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How it works

For more details, head to the XCVM technical specification on GitHub.

Virtual machines are abstracted away from activities required for cross-chain operations such as security, finality in different networks, fee calculation, and provide a simple interface for developers to build on. The security and finality are dependent on the bridging technology used and fees will vary according to network traffic.


The XCVM combines different bridging protocols, such as IBC, XCM, and Mosaic Phase 3, and is capable of integrating new bridging technologies. For example, for a cross-chain transfer, we model it as a set of reversible state transitions with different approximate costs for each transition. The XCVM offers Picasso-based decentralized applications (dApps), different hooks, and updates on the status of any cross-chain transfers, as well as RBAC-based flow control for actively managing the execution of different stages. dApps incur transaction fees for calling into the XCVM.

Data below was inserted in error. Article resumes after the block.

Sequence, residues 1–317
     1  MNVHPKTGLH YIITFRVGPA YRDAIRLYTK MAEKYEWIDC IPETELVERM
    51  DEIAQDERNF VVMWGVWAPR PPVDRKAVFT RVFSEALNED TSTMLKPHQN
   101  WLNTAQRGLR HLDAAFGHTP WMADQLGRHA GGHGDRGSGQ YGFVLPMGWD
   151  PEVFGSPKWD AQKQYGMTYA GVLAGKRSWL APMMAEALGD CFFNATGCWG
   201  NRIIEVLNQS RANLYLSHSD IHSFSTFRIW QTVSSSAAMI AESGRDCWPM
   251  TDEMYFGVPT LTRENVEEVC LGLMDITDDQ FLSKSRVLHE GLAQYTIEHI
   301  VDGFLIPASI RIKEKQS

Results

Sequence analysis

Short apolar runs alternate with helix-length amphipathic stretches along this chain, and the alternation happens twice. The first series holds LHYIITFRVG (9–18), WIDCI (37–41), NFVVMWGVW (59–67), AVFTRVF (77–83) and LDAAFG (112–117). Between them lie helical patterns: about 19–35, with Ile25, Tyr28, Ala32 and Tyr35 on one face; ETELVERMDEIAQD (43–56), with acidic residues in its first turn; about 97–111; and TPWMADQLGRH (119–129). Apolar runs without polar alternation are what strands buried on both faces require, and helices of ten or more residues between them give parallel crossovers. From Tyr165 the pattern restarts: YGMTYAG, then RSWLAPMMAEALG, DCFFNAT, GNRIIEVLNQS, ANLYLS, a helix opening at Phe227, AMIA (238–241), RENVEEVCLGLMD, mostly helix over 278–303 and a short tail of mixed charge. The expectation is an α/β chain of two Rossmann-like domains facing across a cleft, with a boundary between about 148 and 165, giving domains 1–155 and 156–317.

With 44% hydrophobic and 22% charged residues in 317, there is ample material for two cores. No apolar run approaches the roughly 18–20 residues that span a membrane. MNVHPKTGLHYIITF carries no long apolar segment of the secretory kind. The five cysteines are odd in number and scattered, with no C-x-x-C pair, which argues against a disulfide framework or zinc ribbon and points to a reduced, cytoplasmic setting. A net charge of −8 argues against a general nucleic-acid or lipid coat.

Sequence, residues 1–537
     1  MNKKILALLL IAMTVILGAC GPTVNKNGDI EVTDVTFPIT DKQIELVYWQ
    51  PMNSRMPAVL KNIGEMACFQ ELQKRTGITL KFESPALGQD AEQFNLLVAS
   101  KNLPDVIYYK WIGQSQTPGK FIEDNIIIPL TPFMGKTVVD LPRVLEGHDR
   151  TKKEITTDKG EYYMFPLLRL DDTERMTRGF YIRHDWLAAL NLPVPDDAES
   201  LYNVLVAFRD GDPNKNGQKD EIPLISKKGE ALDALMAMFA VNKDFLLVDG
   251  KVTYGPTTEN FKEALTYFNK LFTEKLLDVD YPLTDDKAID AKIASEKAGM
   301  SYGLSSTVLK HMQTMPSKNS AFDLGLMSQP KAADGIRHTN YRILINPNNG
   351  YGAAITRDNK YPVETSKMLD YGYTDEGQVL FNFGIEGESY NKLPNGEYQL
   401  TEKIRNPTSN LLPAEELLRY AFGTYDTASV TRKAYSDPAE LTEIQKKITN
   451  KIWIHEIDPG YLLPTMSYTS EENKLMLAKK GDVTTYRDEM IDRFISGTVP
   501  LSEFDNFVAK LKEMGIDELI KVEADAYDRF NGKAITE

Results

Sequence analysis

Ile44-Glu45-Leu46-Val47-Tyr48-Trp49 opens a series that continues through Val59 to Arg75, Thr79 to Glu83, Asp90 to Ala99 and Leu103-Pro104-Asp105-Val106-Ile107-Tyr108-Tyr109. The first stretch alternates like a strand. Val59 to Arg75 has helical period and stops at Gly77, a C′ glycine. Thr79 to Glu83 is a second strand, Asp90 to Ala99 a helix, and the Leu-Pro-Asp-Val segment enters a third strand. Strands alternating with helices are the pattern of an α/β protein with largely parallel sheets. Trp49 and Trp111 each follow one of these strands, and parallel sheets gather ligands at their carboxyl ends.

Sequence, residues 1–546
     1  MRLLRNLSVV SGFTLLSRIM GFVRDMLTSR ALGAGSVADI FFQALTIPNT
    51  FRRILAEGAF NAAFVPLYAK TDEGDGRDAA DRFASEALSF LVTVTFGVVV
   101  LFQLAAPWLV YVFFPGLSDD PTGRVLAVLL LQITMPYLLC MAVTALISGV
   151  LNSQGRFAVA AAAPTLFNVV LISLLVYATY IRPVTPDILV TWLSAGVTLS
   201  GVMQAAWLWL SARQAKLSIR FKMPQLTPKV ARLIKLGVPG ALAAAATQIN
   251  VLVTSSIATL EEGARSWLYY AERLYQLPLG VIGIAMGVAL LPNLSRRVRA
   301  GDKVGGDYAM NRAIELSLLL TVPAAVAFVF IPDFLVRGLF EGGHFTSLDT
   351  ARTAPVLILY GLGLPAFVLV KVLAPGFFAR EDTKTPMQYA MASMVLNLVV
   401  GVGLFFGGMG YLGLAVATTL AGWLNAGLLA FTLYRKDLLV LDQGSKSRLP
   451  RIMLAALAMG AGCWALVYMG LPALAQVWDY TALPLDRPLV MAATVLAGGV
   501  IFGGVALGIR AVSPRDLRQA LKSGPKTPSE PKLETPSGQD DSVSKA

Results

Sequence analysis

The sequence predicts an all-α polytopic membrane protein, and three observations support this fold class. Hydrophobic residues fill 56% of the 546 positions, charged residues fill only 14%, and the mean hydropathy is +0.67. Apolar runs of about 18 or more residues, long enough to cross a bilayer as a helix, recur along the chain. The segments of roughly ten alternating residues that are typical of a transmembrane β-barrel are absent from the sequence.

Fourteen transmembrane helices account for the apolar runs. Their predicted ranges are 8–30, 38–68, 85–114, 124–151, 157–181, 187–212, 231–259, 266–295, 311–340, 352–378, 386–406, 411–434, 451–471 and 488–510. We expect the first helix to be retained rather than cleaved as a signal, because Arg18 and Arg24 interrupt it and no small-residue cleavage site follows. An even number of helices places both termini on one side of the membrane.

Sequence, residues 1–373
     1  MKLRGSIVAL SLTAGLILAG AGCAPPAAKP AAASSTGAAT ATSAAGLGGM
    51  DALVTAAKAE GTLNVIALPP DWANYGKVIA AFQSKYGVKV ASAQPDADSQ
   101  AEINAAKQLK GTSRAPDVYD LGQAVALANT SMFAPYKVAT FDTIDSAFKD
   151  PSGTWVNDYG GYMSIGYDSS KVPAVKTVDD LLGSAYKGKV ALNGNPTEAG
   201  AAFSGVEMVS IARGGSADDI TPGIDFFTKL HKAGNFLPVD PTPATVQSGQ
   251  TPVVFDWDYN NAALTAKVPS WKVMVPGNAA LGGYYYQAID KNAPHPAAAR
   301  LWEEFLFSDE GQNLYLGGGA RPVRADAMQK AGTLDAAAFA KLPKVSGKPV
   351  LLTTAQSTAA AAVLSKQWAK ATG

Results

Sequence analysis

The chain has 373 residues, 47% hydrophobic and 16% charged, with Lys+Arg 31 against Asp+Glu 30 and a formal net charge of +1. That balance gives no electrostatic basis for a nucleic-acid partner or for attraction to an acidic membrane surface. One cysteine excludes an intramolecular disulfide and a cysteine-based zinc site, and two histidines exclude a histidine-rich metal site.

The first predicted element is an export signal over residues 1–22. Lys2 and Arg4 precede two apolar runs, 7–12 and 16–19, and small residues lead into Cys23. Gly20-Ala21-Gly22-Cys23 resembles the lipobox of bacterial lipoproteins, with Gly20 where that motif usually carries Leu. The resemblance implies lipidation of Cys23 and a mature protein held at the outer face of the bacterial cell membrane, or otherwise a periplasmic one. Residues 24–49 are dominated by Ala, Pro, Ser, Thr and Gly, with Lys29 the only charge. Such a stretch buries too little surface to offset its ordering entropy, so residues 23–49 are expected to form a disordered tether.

For example, let’s say a user wants to borrow with USDC (collateral) on Angular Finance, a secondary pallet on Picasso, and invest into a liquidity pool on SushiSwap. Thanks to our technology, this process can occur cross-chain-and-layer. Upon instruction and orchestration by the Composable XCVM, the Routing Layer selects the optimal route for the user’s desired outcome, which propagates communication cross-ecosystem, and to our transfer availability layer, Mosaic, which then facilitates the transfer of the borrowed asset to a liquidity pool on SushiSwap, with settlement being recognized on our parachain. This process, as facilitated by Composable and the XCVM, is depicted below:

cross_chain_lending_example_composable_xcvm An cross-chain lending example using the Composable XCVM